Mycoplasma hyopneumoniae is the causative agent of porcine enzootic pneumonia (EP), a mild, chronic pneumonia of swine. Despite presenting with low direct mortality, EP is responsible for major economic losses in the pig industry. To identify the virulence-associated determinants of M. hyopneumoniae, we determined the whole genome sequence of M. hyopneumoniae strain 168 and its attenuated high-passage strain 168-L and carried out comparative genomic analyses.
We performed the first comprehensive analysis of M. hyopneumoniae strain 168 and its attenuated strain and made a preliminary survey of coding sequences (CDSs) that may be related to virulence. The 168-L genome has a highly similar gene content and order to that of 168, but is 4,483 bp smaller because there are 60 insertions and 43 deletions in 168-L. Besides these indels, 227 single nucleotide variations (SNVs) were identified. We further investigated the variants that affected CDSs, and compared them to reported virulence determinants. Notably, almost all of the reported virulence determinants are included in these variants affected CDSs. In addition to variations previously described in mycoplasma adhesins (P97, P102, P146, P159, P216, and LppT), cell envelope proteins (P95), cell surface antigens (P36), secreted proteins and chaperone protein (DnaK), mutations in genes related to metabolism and growth may also contribute to the attenuated virulence in 168-L. Furthermore, many mutations were located in the previously described repeat motif, which may be of primary importance for virulence.
We studied the virulence attenuation mechanism of M. hyopneumoniae by comparative genomic analysis of virulent strain 168 and its attenuated high-passage strain 168-L. Our findings provide a preliminary survey of CDSs that may be related to virulence. While these include reported virulence-related genes, other novel virulence determinants were also detected. This new information will form the foundation of future investigations into the pathogenesis of M. hyopneumoniae and facilitate the design of new vaccines.
PMCID: PMC3626624  PMID: 23384176
Mycoplasma hyopneumoniae; Genetic variation; Virulence attenuation; Sequence analysis; Repetitive sequences; Virulence factors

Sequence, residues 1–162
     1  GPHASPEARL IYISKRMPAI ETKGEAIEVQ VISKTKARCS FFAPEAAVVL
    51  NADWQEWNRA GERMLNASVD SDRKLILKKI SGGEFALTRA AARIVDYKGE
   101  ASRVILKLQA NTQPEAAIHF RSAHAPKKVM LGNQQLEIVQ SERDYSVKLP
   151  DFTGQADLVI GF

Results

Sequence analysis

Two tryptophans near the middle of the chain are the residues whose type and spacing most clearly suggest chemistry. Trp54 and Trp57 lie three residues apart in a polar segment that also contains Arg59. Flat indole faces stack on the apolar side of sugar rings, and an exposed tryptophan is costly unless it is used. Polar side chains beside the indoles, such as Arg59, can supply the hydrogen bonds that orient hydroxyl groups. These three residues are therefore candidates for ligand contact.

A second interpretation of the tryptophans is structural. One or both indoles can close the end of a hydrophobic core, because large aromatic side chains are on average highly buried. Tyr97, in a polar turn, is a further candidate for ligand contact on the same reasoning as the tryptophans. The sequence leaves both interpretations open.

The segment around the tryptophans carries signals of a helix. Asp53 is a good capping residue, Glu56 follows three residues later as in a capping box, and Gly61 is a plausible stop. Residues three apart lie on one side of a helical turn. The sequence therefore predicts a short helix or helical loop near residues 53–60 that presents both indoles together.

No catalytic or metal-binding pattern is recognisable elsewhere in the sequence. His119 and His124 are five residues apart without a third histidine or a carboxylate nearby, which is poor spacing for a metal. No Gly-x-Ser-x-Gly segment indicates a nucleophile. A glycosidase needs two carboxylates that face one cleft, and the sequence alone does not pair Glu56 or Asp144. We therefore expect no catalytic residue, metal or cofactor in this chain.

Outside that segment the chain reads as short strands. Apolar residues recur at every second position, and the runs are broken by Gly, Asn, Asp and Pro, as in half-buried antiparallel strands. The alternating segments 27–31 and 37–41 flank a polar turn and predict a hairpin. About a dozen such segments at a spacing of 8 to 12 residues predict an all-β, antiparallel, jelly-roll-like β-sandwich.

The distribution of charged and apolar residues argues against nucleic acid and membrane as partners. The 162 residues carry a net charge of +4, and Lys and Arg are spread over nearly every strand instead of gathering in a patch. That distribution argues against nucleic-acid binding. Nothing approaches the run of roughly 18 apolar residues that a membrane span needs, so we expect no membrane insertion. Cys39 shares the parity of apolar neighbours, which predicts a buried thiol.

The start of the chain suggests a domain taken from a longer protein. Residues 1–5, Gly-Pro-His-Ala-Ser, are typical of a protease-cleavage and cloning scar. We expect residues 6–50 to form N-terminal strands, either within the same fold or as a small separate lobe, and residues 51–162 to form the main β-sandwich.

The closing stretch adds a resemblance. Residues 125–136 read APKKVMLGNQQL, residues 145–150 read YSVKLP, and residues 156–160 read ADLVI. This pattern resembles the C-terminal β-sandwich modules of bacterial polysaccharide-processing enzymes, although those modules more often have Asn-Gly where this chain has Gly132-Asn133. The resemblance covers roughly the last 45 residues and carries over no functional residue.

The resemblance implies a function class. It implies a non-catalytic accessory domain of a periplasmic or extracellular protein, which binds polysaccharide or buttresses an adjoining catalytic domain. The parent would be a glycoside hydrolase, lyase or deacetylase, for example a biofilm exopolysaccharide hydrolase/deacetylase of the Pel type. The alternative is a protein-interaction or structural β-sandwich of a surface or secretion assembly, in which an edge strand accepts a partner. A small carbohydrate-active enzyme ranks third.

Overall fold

10.  Self-Subunit Swapping Occurs in Another Gene Type of Cobalt Nitrile Hydratase 
PLoS ONE  2012;7(11):e50829.
Self-subunit swapping is one of the post-translational maturation of the cobalt-containing nitrile hydratase (Co-NHase) family of enzymes. All of these NHases possess a gene organization of <β-subunit> <α-subunit> , which allows the activator protein to easily form a mediatory complex with the α-subunit of the NHase after translation. Here, we discovered that the incorporation of cobalt into another type of Co-NHase, with a gene organization of <α-subunit> <β-subunit> , was also dependent on self-subunit swapping. We successfully isolated a recombinant NHase activator protein (P14K) of Pseudomonas putida NRRL-18668 by adding a Strep-tag N-terminal to the P14K gene. P14K was found to form a complex [α(StrepP14K)2] with the α-subunit of the NHase. The incorporation of cobalt into the NHase of P. putida was confirmed to be dependent on the α-subunit substitution between the cobalt-containing α(StrepP14K)2 and the cobalt-free NHase. Cobalt was inserted into cobalt-free α(StrepP14K)2 but not into cobalt-free NHase, suggesting that P14K functions not only as a self-subunit swapping chaperone but also as a metallochaperone. In addition, NHase from P. putida was also expressed by a mutant gene that was designed with a <β-subunit> <α-subunit> order. Our findings expand the general features of self-subunit swapping maturation.
PMCID: PMC3511329  PMID: 23226397
11.  Multilocus Sequence Typing as a Replacement for Serotyping in Salmonella enterica 
PLoS Pathogens  2012;8(6):e1002776.